Bruce Davis, president of the Salmon Creek Kiwanis Club, is more than a little nervous about the benefit concert his organization is hosting on the afternoon of Feb. 11, featuring The Trail Band of Portland, and benefiting the Clark County Food Bank and other local charities.
“We’re basically scared out of our minds,” Davis said.
That’s because his usual talent, bluegrass band Misty River, is on hiatus after many years of headlining the annual show. Misty River connected the Kiwanis with The Trail Band -- but Davis is hoping the name is a sufficient draw.
“They promised us that these guys are so good, you won’t miss a step,” he said. “I just hope people in the community already know how good they are.”
The eight-piece Trail Band offers a lively blend of traditional and original sounds — everything from country blues and Celtic ballads to old-timey oompah toots — played on strings and brass including tuba, dulcimer, penny whistle, fiddle, guitar, banjo, flageolet and flugelhorn.
Thanks to chief sponsor Columbia Credit Union, Davis said, 100 percent of the ticket revenues and raffle sales will benefit local charities — the Clark County Food Bank and other organizations that serve needy children and families.
“When people buy a ticket, not only are they getting a great evening of entertainment but they know that every dollar is staying local and helping people,” Davis said.
The show is set for 3 p.m. Feb. 11 at Skyview High School, 1300 N.W. 139th St. Advance tickets are $18 each or two for $35. They are available at all Columbia Credit Union branches, Music World in Hazel Dell and Battle Ground, River City Music, Beacock Music and at http://ticketsoregon.com with an additional service charge. Price at the door is $20.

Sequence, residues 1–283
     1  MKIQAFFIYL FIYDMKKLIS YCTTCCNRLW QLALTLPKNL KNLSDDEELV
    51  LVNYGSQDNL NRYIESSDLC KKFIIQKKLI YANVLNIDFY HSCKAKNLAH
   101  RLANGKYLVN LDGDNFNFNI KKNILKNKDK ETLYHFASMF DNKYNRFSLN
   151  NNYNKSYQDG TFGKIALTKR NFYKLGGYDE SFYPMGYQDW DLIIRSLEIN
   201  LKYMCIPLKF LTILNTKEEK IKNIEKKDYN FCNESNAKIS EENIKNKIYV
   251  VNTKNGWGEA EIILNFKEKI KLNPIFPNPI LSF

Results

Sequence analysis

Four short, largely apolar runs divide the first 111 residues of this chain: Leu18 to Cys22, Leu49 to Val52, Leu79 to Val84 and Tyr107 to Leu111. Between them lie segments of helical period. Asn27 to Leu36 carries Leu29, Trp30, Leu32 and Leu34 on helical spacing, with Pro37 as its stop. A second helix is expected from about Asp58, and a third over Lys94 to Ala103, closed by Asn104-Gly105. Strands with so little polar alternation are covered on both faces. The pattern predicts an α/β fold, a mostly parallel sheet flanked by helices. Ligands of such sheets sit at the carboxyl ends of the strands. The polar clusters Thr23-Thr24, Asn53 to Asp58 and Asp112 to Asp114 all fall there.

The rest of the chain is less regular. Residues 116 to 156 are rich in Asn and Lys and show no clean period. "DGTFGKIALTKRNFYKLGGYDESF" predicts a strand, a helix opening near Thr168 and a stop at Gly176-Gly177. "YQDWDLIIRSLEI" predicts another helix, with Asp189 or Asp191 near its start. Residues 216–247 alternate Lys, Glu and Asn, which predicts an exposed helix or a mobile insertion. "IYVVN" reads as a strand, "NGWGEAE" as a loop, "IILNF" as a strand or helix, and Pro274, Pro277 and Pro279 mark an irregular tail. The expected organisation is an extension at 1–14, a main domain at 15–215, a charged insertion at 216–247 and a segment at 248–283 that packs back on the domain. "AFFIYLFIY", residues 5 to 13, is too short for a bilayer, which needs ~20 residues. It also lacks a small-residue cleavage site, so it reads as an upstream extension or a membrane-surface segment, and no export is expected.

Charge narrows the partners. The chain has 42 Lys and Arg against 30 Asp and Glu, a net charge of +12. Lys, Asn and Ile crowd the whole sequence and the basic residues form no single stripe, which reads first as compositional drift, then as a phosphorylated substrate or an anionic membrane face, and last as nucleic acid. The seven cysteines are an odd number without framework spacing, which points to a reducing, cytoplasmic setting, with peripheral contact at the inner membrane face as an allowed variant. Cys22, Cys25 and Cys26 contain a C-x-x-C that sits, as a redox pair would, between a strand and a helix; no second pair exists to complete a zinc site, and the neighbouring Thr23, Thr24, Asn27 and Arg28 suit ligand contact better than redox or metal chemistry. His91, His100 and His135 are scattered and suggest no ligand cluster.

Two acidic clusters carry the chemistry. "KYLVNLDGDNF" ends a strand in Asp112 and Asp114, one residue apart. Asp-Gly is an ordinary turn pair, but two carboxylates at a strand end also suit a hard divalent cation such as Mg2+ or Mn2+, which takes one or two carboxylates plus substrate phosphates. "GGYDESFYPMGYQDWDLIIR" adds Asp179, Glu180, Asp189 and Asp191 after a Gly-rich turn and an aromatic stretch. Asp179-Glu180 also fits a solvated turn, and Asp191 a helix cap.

Bartering for studio time pays off for Ruth
Ruth — from left, Nick Wiinikka, Jesse Counts, Dustin Ruth, Ryan Peterson — has released its latest album, “Payola.”
Dustin Ruth took an unconventional path to get studio time for his band’s newest album, “Payola.”
The group, which is named after Ruth, had finished its deal with Tooth and Nail Records, and with no new contract and the bad economy, money was tight.
So Ruth, 29, of Battle Ground asked Vancouver’s Ripcord Studios if he could barter for some recording time.
“We did some creative things. I fixed cars, painted the studio and painted a secondhand store for (the owner) as part of the deal,” Ruth said. “Through that, we were able to earn the studio time.”
After that, Ruth, who works at a local auto shop, bought an old van, fixed it up and sold it to get money to mix the album at Voodoo Studios in New York.
The hard work has paid off for Ruth, which has played more than 500 shows all over the world.
The album, set for release later this month, was just picked up by MTV’s new record label, which markets music for the television and movie industries.
“It’s sort of a new model,” Ruth said. “It’s a big deal and we’re really excited about it.”
“Payola” will be available through Amazon, iTunes, Rhapsody and other online music services, Ruth said. For information, check out the band’s website at http://ruththeband.com.--Sue Vorenberg
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